Kenya, Somalia, Ethiopia and Tanzania are slowly splitting away from Africa, forming a new continent referred to as the Somali Plate within a period of 50 million years, geologists have said.
The revelations came following massive earth movements that left deep fissures in Narok County, IN southern Kenya. The movements interrupted traffic along the Mai Mahiu – Narok highway after a deep tear – as deep as 50 meters and about 20 meters wide appeared at the middle of the road.
Geologists who visited the site said that the site was one of the hundreds of weak spots on the Great Rift Valley – which runs through African from the Horn of Africa to Mozambique.
According to Geologist David Adeded, geological activity is most active at the base of the valley, where a dormant volcanic mount Longonot lies. The recent activity happened at an area called Suswa, a few kilometers from the Mountain.
“Whereas the rift has remained tectonically inactive in the recent past, there could be movements deep within the Earth’s crust that have resulted in zones of weakness extending all the way to the surface,” geologist David Adede said.
Scientists said that the area has zones of weakness that forms fault lines which are filled with volcanic ash – most likely from the nearby Mt Longonot.
The recent heavy rains experienced in Kenya according to the scientists triggered the earth movement by washing away the ash – hence exposing the cracks.
Scientists have now advised that countries within the Horn of Africa should fast track geological studies so as to understand and map fault lines and avert a possible disaster.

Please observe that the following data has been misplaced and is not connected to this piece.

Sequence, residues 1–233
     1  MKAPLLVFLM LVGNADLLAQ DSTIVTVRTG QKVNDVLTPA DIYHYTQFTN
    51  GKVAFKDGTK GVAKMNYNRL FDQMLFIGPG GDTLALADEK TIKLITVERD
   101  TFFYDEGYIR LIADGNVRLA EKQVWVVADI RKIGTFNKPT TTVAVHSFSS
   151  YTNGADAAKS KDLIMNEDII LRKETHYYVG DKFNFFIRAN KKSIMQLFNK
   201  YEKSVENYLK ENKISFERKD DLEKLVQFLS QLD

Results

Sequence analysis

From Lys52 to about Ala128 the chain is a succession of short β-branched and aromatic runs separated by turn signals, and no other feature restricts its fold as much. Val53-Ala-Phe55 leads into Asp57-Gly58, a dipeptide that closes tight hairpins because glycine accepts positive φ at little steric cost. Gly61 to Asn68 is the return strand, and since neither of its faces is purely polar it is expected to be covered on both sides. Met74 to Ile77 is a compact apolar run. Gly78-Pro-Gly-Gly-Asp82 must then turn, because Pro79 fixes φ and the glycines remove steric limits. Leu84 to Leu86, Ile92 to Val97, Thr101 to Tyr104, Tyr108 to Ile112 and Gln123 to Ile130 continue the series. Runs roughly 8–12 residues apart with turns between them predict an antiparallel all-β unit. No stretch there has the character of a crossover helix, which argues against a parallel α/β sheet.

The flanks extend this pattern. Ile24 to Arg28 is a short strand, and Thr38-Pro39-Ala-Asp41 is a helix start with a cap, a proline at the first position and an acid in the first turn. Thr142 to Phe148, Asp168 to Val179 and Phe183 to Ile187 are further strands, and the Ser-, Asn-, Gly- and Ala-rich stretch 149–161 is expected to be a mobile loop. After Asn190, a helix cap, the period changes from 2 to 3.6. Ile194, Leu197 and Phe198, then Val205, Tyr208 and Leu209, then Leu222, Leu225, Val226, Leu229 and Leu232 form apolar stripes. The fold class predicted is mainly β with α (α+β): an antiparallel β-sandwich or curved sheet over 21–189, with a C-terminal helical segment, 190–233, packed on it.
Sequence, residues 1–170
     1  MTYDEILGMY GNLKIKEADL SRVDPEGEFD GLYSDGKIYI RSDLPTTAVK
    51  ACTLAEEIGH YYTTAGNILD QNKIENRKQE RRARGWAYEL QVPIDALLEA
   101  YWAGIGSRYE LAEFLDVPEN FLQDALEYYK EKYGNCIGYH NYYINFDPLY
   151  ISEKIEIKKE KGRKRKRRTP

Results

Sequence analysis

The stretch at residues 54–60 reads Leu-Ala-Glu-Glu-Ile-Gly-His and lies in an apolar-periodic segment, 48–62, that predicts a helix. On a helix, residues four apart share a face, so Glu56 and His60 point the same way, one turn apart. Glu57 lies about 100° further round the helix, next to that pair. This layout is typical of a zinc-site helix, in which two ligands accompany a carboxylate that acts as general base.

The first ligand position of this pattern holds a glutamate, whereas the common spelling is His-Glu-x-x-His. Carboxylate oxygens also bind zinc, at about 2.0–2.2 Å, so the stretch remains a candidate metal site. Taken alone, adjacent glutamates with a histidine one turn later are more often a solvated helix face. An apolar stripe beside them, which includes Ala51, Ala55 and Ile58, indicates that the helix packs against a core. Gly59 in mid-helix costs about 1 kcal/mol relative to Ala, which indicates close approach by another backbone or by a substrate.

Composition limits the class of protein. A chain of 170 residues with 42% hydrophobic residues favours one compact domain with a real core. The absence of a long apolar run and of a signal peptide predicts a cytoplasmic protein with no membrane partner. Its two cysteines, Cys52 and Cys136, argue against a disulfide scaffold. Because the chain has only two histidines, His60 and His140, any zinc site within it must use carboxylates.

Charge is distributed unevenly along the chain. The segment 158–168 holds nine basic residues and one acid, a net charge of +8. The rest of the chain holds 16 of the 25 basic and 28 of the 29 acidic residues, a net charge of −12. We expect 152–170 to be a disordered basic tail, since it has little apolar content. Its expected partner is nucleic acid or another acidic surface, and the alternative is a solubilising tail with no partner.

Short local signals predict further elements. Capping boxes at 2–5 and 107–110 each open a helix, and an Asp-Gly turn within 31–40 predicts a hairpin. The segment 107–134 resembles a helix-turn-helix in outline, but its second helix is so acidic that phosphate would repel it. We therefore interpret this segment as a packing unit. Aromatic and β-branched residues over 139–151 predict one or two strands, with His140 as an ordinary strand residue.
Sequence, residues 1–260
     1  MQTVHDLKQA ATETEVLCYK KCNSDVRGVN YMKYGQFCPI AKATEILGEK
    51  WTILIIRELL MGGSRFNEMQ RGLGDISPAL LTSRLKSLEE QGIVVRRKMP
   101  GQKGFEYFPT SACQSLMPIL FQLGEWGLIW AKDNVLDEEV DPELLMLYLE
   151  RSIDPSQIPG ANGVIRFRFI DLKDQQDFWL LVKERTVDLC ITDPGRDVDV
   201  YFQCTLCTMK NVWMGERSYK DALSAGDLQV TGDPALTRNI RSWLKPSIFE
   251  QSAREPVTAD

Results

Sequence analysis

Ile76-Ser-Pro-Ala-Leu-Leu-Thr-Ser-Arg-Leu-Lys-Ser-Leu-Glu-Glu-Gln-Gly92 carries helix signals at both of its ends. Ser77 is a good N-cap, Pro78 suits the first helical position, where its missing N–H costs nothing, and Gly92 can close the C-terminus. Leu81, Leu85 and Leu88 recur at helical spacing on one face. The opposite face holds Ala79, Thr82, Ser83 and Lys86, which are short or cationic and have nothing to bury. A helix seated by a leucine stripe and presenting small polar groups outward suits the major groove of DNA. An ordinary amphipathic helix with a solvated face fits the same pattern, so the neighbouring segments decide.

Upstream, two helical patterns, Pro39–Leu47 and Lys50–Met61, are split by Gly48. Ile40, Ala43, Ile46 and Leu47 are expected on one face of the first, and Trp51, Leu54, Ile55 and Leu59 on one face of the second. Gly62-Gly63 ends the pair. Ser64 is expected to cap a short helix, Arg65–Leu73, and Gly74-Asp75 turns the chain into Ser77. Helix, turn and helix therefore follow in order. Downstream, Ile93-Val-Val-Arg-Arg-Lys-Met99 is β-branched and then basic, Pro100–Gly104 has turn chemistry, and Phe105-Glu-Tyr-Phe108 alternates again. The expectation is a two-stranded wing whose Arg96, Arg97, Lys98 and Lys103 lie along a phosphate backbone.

Kenya’s ambitious standard gauge railway project, which started from the coastal town of Mombasa passes through the area and the recent activity has raised questions over the safety of the project.
Past geological activity saw Saudi Arabia being torn away from the African continent forming the Red Sea. The actively splitting African plate and the Arabian plate meet at what geologists call a triple junction, where the Red Sea meets the Gulf of Aden.
NEW MAJOR OCEAN
A new spreading centre according to the scientists slowly developing under Africa along the East African Rift Zone and East Africa may be the site of the Earth’s next major ocean.
Plate interactions in the region provide scientists an opportunity to study first-hand how the Atlantic may have begun to form about 200 million years ago.
Geologists believe that, if spreading continues, the three plates that meet at the edge of the present-day African continent will separate completely; allowing the Indian Ocean to flood the area and making the easternmost corner of Africa (the Horn of Africa) a large island.
The Erta Ale volcano complex situated in the Danakil Depression, North – East of Ethiopia is one of the areas scientists are closely studying as it represents the breaking up of the African continent.
Scientists explain that basaltic magmas push apart both plates and created a volcanic line of shield volcanoes between the salt lakes of Assale and Afdera.
Amongst these dormant volcanoes Erta Ale is the active one and world famous for its persistent lava lake that has been active during most of the past decades since it was first discovered in the 1960s.
In 2002, lava streamed into lake Kivu, one of Africa’s great lakes, which is situated at Goma in the Democratic republic of Congo (DRC).
Although the lake did not explode at the time, people living at the shore of the lake may not be so lucky if lava reaches the shore of the lake again.
Scientists attributed the explosion to a “limnic eruption,” when gases at the bottom of a lake, usually kept under by the weight of the water above it, are disturbed and rise to the surface.
Africa now should race against time to avert a possible volcanic disaster which could occur – if the activities that have been witnessed in the recent past is anything to go by.
By Fauxile Kibet